So I thought, well, let’s go to New York and actually looking back at it, it was a fantastic experience because where I was maybe in the top four or five commercial announcers in Toronto, all of a sudden I’m just one of thousands in New York, you’re just another. 

00:14:29 Speaker 2 

You know you’re knocking on doors and looking for work and they don’t know you from a hole in. 

00:14:32 Speaker 2 

Ground and all you can do is just make yourself as well known as you can and keep auditioning and auditioning and down there. 

00:14:40 Speaker 2 

I found that I had had to satisfy myself with maybe winning one out of a dozen in New York, but the satisfaction in the sense was was as great because the the one audition you won would probably reach 40 million people. 

00:14:53 Speaker 2 

Instead of maybe 400,000. So it was. It was one of. 

00:14:57 Speaker 1 

Those things, not every announcer who started in the business when you did, became a commercial announcer. 

00:15:02 Speaker 1 

What is it that makes 1? 

00:15:04 Speaker 2 

Are a good question. 

00:15:06 Speaker 2 

I think that looking back at some of the executives that I’ve seen over the years radio broadcast executives, I think many of these men had desires to forge ahead in the industry and at the same time make a fair amount of money. 

00:15:22 Speaker 2 

Somewhere along the line, they realized that as an announcer, they were not going to make the big time, so they better get into another aspect of broadcasting because most of us have been at it. Obviously we’ve been in it 3040 and 50 years. 

00:15:34 Speaker 2 

Love it, but they wanted to stay with the industry, so they maybe went into the executive and administrative end of broadcasting. 

00:15:41 Speaker 2 

Therefore, those of us who decided to try our hand at the odd commercial, some of us found that we were. 

00:15:50 Speaker 2 

We were getting more demands for our services. 

00:15:54 Speaker 2 

And somebody heard us do that one and said would you audition for this one? 

00:15:58 Speaker 2 

And when all of a sudden this starts to mount? 

00:16:01 Speaker 2 

And you realize that you’re making more money freelancing on the side as an announcer doing commercials than you are as a staff announcer. 

00:16:09 Speaker 2 

You begin to toy with the idea of dropping the staff work so you can make yourself much more available to the freelance people. 

00:16:16 Speaker 2 

And of course your your your fee goes up considerably surely. 

00:16:20 Speaker 1 

Back when you started. 

00:16:22 Speaker 1 

Commercial radio. 

00:16:23 Speaker 1 

Was the announcer the same kind of announcer that you have today in commercial? 

00:16:28 Speaker 2 

I’m not quite sure I feel that I I follow the trend of your thought there. 

00:16:32 Speaker 1 

I’m wondering if he had to have a very, very smooth voice back then, whereas today you can have a personality voice. 

00:16:38 Speaker 2 

There was more of the the smooth voice back then, less the personality.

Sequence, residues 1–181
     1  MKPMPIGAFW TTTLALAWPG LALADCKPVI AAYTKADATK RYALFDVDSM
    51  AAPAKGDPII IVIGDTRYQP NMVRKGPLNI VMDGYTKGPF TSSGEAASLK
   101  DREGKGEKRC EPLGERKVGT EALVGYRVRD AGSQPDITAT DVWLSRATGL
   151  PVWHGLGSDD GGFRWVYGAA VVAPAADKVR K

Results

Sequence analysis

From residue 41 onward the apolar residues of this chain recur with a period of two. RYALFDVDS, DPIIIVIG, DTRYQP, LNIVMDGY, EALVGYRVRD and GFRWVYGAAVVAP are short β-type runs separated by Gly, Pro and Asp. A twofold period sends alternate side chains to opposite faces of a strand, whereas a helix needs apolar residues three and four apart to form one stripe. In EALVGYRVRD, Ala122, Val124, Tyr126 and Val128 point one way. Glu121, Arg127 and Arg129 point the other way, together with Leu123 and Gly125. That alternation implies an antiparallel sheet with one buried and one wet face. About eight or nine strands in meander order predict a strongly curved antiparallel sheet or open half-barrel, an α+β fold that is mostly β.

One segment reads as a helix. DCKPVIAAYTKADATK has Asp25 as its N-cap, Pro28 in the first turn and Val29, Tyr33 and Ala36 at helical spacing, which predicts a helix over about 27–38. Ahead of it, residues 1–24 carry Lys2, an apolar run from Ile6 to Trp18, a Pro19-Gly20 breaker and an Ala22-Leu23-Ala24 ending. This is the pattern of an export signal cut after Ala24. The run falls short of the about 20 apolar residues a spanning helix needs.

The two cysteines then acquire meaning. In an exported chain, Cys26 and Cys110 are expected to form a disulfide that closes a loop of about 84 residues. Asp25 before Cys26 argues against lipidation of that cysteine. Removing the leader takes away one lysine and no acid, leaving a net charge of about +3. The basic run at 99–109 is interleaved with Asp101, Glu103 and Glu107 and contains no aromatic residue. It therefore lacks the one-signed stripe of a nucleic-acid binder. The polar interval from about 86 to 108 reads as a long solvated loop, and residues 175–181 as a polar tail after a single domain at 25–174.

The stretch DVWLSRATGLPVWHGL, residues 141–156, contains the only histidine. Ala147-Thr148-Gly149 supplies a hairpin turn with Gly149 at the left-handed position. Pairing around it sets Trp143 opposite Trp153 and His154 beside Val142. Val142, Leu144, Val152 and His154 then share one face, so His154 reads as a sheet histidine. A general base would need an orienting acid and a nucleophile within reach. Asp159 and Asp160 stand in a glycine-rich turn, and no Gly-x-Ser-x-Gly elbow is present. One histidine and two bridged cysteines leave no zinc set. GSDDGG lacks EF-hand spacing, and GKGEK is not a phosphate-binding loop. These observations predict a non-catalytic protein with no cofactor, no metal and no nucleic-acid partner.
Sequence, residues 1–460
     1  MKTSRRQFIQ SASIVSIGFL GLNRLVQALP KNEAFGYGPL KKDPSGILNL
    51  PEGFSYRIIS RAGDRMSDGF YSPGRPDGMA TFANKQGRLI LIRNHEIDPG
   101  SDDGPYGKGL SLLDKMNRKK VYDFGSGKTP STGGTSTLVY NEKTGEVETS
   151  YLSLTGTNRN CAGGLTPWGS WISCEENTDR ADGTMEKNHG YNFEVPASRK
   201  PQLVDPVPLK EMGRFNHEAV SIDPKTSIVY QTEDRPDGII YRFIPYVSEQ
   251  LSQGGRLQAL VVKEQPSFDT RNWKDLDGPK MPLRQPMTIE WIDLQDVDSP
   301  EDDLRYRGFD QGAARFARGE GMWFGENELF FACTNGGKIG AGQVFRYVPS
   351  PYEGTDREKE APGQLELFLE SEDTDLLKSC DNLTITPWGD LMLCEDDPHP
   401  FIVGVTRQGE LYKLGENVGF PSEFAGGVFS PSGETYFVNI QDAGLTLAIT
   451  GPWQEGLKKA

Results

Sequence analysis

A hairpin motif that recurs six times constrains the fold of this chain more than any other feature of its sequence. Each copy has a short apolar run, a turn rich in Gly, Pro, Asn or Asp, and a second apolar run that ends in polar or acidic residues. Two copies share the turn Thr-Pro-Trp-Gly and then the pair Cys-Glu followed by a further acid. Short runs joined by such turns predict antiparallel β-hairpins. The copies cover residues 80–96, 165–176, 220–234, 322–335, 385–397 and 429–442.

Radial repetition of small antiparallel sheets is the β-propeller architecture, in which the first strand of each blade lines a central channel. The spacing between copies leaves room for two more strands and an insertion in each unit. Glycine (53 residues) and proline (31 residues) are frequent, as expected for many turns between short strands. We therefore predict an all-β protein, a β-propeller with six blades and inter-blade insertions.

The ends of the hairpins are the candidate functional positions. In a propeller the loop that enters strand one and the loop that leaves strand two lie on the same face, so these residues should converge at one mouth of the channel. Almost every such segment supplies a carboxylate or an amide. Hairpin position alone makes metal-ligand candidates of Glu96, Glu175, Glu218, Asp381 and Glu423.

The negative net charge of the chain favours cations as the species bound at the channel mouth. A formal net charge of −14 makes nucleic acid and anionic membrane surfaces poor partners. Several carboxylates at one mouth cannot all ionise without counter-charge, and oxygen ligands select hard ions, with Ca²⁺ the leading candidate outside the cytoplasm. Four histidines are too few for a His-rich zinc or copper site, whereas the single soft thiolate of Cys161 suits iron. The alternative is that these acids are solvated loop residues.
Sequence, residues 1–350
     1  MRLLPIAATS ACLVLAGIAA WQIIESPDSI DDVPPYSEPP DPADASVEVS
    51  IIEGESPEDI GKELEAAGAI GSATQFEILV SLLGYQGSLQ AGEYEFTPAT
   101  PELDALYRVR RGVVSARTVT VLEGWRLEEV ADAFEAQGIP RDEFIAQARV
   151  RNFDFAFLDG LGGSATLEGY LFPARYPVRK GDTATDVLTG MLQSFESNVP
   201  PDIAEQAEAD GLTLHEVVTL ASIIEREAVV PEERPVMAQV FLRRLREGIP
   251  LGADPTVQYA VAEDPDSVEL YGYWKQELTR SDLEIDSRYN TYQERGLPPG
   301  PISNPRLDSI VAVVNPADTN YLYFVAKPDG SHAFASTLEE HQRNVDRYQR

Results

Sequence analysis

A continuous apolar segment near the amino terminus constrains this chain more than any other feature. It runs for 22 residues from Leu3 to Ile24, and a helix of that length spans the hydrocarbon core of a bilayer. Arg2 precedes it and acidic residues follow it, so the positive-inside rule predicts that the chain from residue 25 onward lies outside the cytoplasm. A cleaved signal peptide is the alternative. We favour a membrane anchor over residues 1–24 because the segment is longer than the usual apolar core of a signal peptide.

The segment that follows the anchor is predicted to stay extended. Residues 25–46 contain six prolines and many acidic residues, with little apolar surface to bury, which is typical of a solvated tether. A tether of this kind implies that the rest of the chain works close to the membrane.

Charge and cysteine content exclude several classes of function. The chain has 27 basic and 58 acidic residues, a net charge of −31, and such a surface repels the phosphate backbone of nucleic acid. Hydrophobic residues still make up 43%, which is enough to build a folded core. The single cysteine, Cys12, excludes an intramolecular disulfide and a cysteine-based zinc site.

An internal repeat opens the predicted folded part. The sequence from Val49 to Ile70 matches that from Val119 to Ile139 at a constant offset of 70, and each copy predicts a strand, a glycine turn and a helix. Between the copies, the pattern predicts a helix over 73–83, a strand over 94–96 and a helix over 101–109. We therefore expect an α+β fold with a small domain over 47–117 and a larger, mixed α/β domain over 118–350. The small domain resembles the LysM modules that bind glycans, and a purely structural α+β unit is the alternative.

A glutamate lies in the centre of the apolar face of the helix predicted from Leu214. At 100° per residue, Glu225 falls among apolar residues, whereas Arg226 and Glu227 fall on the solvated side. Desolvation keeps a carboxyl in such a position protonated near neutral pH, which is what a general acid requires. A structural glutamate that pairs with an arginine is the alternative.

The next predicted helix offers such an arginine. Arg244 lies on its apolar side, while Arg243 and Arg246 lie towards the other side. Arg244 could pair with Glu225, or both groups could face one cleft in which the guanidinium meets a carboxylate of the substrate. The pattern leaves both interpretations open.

00:16:43 Speaker 2 

You’re quite right. 

00:16:43 Speaker 2 

If they wanted a personality in those days, they hired an actor or an actress. 

00:16:49 Speaker 2 

The announcer was. 

00:16:51 Speaker 2 

Obviously supposed to whether he would be deep voiced or the higher voiced, but the the versatility was where you could make the money because you could do the hard sell the soft sell the in between sell. 

00:17:04 Speaker 2 

You had to be able to take direction because sometimes producers and directors. 

00:17:11 Speaker 2 

In trying to tell you what they want, don’t make it particularly clear. 

00:17:15 Speaker 2 

The end result is you might do four or five readings because they’re not too sure what they want, and you might do four or five different readings, and maybe one of them hits him as that’s what he wanted. 

00:17:25 Speaker 2 

But he couldn’t explain that to. 

00:17:27 Speaker 2 

So you you have to be prepared. 

00:17:29 Speaker 2 

I’ve gone in. 

00:17:30 Speaker 2 

I remember one cigar commercial I won in New York. 

00:17:32 Speaker 2 

They were very happy with the audition I went in. 

00:17:36 Speaker 2 

And because the the director and the writer were so unsure of themselves, I had to do 27 takes of a very brief commercial because they they weren’t sure which one they liked, and eventually it ended up they asked me which one I like. 

00:17:51 Speaker 2 

And I thought to myself, my God, they’re paying these men fantastic amounts of money, and they end up asking me as the the announcer, which one of 27 cuts I like for this white owl cigar commercial. 

00:18:03 Speaker 2 

You know, of course, this is New York and the business hasn’t changed a great deal, I don’t think. 

00:18:09 Speaker 2 

There are aspects of it that the announcers today will never know and never see. 

00:18:15 Speaker 2 

The early days have gone. 

00:18:17 Speaker 2 

God bless them and they were a challenge and a lot of fun, but there are are young men and women today in the certainly in the announcing end of things, who can only read about what it was like in those days. 

00:18:29 Speaker 2 

I think it is. 

00:18:30 Speaker 2 

Become bottom line a radio bottom line broadcasting is where it’s at today costs and. 

00:18:39 Speaker 2 

Keeping keeping track of the accountants and what goes in the book and what goes out have tended to, I’ll maybe loosen some of the free spirit that was more evident in the earlier days of broadcasting, when people did make money, but it didn’t seem to be the end all and the be all of everyday work. 

00:19:00 Speaker 2 

I mean that that that’s a personal reaction that maybe, maybe completely fallacious, but it’s worth my I I felt I’d like to get that across. 

00:19:09 Speaker 1 

This has been an interview with Don Cameron recorded in Toronto in April 1988.